Complementary therapies are becoming a more common addition to treatment plans for people living with arthritis. Complementary therapies are meant to work with rather than replace treatments recommended by your doctor.
Complementary therapies include treatments such as massage, acupuncture, meditation, and naturopathic medicine. Complementary medicine is often focused on a whole-body approach to health and wellness.
Many complementary therapies are regulated professions that require extensive training, but practitioners do not need to be medical doctors to deliver treatment.
What are the differences between Complementary, Alternative, and Holistic Therapy?
There are many different terms that people use when discussing forms of care beyond traditional western medicine. Here are some helpful tips to understand the difference between the terms complementary, alternative, and holistic.
Complementary: When a form of treatment that your doctor does not use as part of their medical practice (traditional western medicine) is used with the treatment plan from your doctor, it is considered a complementary therapy since the additional form of treatment works with, or complements the treatment from your doctor.
Alternative: When a treatment option not used by traditional medicine is used on its own as the only treatment plan, this is considered an alternative therapy, because it is being used as an instead, or as an alternative to traditional western medicine.
Holistic: The term holistic is sometimes used interchangeably with complementary and alternative health, but typically means taking a whole-body approach to health and wellness. Holistic wellness includes self management for your overall physical, mental, emotional, social, and spiritual wellbeing, and can include forms of complementary or alternative therapies.
Talking with your healthcare team
It is important to find a reputable service provider. Depending on where you live, not all complementary treatment options will be regulated. It is always best to let your primary health care team know which additional treatment options you are using so they can make sure none of your medications or other treatment plans will interfere. As with all forms of complementary therapies, it is important to discuss options with your primary care providers, especially if you experience any negative effects.
There is no one size fits all approach to pain management or relief. What works for one person may not work for another. It can be a frustrating process to find a pain management strategy that works for you.
Also keep in mind that some pain management techniques may work better for some types of pain, and not others. When thinking about how to choose a complementary therapy for pain management, consider trying one method at a time. This may take some trial and error, and time to find what works best for you.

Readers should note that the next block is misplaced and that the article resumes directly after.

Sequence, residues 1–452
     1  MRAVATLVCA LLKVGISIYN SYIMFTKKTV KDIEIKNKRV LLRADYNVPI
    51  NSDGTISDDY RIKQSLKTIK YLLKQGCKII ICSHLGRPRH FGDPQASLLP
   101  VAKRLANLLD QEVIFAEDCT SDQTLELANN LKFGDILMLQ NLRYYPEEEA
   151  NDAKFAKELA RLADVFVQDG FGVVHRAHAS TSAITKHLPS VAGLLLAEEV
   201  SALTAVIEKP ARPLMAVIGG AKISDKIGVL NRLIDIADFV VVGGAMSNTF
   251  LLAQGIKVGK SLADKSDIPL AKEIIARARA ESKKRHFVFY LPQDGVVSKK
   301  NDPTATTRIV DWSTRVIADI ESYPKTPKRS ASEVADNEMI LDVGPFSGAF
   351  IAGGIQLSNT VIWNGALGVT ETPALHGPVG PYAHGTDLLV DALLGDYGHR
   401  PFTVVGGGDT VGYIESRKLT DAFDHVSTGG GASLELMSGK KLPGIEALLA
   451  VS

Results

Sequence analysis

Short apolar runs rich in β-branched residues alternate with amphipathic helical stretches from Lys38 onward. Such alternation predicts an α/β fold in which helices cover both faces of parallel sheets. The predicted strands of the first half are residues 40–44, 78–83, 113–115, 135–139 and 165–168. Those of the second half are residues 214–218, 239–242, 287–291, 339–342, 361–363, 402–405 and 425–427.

Therapies should complement, not substitute, care
It is important to note that complementary therapies are not a substitution for the treatment you receive from your health care team. They are intended to help provide additional options for symptom relief along with your regular treatments. Sometimes when your symptoms are less disruptive, you may not feel like taking your regular medication, but it is important to keep using your medications as instructed.
Disease-modifying anti-rheumatic drugs (DMARDs) such as methotrexate or biologics help slow down disease progression and minimize joint damage for people with inflammatory types of arthritis. Other treatment such as therapeutic exercise helps protect your joints and reduce pain by strengthening the muscles around them. If you want to adjust your treatment plan or have questions about changes in your symptoms, always consult your doctor first, so they can help you make adjustments specific to you and your body.
Paying for complementary therapies
Complementary treatment options are not typically covered by government health insurance plans, though some community programs or workplace, group, and private insurance plans offer full or partial coverage for some or all services.
Because most of these therapies are not covered under provincial or federal health plans, finding the right treatment can be an expensive process for many, which may be a discouraging thought.
Before you begin a therapy, it may be helpful to visit 211.ca, call 211, or check with your local municipal or provincial health authority for low or no cost pain management options in your area. Some of these therapies may be available on a sliding fee scale, or through pay-what-you-can options. Additionally, some forms of treatment are offered by community organizations or through funding programs that are able to offset costs for people with lower income.